Search Images Maps Play YouTube News Gmail Drive More »
Sign in
Screen reader users: click this link for accessible mode. Accessible mode has the same essential features but works better with your reader.

Patents

  1. Advanced Patent Search
Publication numberUS20040117373 A1
Publication typeApplication
Application numberUS 10/429,213
Publication dateJun 17, 2004
Filing dateMay 2, 2003
Priority dateMay 2, 2002
Publication number10429213, 429213, US 2004/0117373 A1, US 2004/117373 A1, US 20040117373 A1, US 20040117373A1, US 2004117373 A1, US 2004117373A1, US-A1-20040117373, US-A1-2004117373, US2004/0117373A1, US2004/117373A1, US20040117373 A1, US20040117373A1, US2004117373 A1, US2004117373A1
InventorsNancy Yeung, Paul Fisher
Original AssigneeNancy Yeung, Fisher Paul J.
Export CitationBiBTeX, EndNote, RefMan
External Links: USPTO, USPTO Assignment, Espacenet
Computer controlled system and method for movement of commodities
US 20040117373 A1
Abstract
The invention relates to a method for electronically furthering the commodity operations for a particular unit of a commodity on a distributed computer network such that a data record pertaining to the particular unit of a commodity can be securely updated by actors in the commodity exchange and securely accessible by other actors in the commodity exchange. In addition, the present invention relates to a method for securely issuing electronic deliver orders such that electronic delivery orders are not issued prior to the receipt of clearances from the appropriate government agencies governing the import/export of such commodity.
Images(25)
Previous page
Next page
Claims(25)
We claim:
1. A computer-implemented method for furthering commodity operations operative on computers connected in a distributed manner by a network, with at least one computer on the network including a database accessible to other computers on the network, comprising the programmatically executed steps under control of at least one computer on the network of:
building at least one data record in the database which tracks a series of transactions for a particular unit of a commodity;
partitioning the data record into a plurality of data fields;
populating one or more data fields of the database with an electronic delivery order document concerning a proposed movement of the particular unit of the commodity;
receiving through the network an indicium contained in an electronic release document issued by a first government agency, wherein the indicium is a release date permitting the proposed movement of the particular unit of the commodity;
automatically updating the electronic delivery order document to further include the release date indicium provided by the first government agency; and
prohibiting issuance of the electronic delivery order document until after the electronic delivery order document is updated with release dates from all required government agencies.
2. A computer-implemented method for furthering commodity operations operative on computers connected in a distributed manner by a network, with at least one computer on the network including a database accessible to other computers on the network, comprising the programmatically executed steps under control of at least one computer on the network of:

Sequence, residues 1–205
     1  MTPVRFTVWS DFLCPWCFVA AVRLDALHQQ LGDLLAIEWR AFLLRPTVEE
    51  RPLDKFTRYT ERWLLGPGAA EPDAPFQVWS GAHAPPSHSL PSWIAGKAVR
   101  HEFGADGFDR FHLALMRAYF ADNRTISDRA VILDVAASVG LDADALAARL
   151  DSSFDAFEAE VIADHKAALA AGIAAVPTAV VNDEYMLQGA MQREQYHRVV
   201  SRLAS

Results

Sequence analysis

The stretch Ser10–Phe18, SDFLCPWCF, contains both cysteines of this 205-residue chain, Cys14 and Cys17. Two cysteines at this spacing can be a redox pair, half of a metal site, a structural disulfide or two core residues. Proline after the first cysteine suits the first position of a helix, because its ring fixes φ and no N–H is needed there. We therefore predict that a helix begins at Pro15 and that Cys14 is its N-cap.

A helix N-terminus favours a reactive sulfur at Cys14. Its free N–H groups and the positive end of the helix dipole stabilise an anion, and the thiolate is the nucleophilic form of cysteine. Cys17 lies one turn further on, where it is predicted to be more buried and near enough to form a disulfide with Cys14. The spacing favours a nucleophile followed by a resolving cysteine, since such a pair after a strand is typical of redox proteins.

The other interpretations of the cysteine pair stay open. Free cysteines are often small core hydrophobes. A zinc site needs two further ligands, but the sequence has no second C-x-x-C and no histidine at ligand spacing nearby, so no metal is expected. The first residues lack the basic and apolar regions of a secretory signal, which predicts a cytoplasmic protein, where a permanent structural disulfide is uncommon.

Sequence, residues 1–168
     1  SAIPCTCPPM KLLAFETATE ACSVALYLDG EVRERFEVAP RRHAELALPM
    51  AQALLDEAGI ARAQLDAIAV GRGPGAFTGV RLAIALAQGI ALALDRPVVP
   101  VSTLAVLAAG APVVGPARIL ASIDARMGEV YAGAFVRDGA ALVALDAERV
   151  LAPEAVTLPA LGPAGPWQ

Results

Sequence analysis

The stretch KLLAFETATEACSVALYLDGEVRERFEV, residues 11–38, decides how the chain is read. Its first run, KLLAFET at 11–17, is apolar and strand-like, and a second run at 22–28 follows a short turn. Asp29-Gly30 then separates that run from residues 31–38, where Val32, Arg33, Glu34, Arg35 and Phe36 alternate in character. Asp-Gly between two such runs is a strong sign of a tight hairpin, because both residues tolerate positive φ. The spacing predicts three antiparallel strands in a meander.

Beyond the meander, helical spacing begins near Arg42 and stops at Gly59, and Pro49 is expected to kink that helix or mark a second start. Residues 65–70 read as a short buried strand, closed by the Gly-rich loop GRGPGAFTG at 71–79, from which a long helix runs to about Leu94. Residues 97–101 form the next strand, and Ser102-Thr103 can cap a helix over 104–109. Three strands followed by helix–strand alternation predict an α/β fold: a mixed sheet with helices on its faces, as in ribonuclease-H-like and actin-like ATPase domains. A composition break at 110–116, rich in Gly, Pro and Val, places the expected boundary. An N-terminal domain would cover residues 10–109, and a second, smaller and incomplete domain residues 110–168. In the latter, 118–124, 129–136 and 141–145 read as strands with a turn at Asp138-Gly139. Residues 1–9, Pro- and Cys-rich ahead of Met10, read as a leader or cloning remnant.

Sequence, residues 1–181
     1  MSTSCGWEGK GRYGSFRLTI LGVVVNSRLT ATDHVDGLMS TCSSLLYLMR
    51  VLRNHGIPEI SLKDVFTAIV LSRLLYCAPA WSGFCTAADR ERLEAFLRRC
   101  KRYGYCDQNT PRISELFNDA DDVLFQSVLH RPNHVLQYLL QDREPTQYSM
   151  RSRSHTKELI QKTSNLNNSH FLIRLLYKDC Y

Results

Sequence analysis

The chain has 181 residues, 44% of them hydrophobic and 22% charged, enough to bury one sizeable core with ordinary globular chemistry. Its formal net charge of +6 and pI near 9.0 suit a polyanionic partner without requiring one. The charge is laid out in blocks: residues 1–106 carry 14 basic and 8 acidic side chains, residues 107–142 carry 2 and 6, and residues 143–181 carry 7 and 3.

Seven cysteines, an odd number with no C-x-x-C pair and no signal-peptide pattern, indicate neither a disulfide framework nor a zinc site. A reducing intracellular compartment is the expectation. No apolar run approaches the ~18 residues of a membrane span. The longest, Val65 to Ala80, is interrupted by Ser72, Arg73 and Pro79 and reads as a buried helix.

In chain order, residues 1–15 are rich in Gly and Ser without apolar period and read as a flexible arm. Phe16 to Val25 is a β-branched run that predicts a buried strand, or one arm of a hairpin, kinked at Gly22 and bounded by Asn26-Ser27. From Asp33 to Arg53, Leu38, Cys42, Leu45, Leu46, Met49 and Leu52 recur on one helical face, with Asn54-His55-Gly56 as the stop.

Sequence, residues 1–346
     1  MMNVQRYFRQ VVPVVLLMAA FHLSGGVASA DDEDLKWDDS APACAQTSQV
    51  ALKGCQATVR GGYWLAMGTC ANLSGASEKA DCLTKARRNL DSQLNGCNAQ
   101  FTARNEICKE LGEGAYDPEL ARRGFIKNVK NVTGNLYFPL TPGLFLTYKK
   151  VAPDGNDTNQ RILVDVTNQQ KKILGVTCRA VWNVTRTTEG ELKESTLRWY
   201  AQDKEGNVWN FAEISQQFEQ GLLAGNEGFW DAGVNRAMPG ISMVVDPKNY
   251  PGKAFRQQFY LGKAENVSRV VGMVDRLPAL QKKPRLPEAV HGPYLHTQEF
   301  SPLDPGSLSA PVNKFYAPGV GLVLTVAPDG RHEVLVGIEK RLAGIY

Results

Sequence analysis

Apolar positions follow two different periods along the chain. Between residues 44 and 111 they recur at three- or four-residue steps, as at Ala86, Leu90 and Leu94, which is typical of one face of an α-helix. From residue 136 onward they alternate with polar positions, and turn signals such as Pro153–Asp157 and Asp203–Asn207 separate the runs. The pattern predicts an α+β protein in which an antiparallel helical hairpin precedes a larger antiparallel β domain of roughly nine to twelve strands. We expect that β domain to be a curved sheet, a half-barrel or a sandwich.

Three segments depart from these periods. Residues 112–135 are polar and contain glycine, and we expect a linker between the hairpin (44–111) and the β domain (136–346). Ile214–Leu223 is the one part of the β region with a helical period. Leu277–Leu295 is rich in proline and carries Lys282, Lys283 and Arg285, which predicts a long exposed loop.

building at least one data record in the database which tracks a series of transactions for a particular unit of a commodity;
partitioning the data record into a plurality of data fields;
populating one or more data fields of the database with an electronic delivery order document concerning a proposed movement of the particular unit of the commodity;
receiving through the network a first indicium contained in a first electronic release document of a first government agency, wherein the first indicium is a first release date permitting the proposed movement of the particular unit of the commodity;
automatically updating the electronic delivery order document to further include the first release date indicium provided in the first electronic release document;
receiving through the network a second indicium contained in a second electronic release document of a second government agency, wherein the second indicium is a second release date permitting the proposed movement of the particular unit of the commodity;
automatically updating the electronic delivery order document to further include the second release date indicium provided in the second electronic release document; and
prohibiting issuance of the electronic delivery order document until after the electronic delivery order document is updated to contain the first and second release date indicia.
3. The method as in claim 1, further comprising the steps of:
populating other data fields with a plurality of electronic documents associated with the proposed movement of the particular unit of the commodity;
providing an access system to each data record which limits access according to the data stored in each data field;
granting access to multiple users according to a set of permissions associated with each individual user; and
permitting alteration of data in the data fields of the data record in accordance with the set of permissions granted to the individual user.
4. The method as in claim 3, further comprising the steps of:
associating a data entry form with each populated data field, wherein the data entry form includes a GUI input template for one or more associated data fields;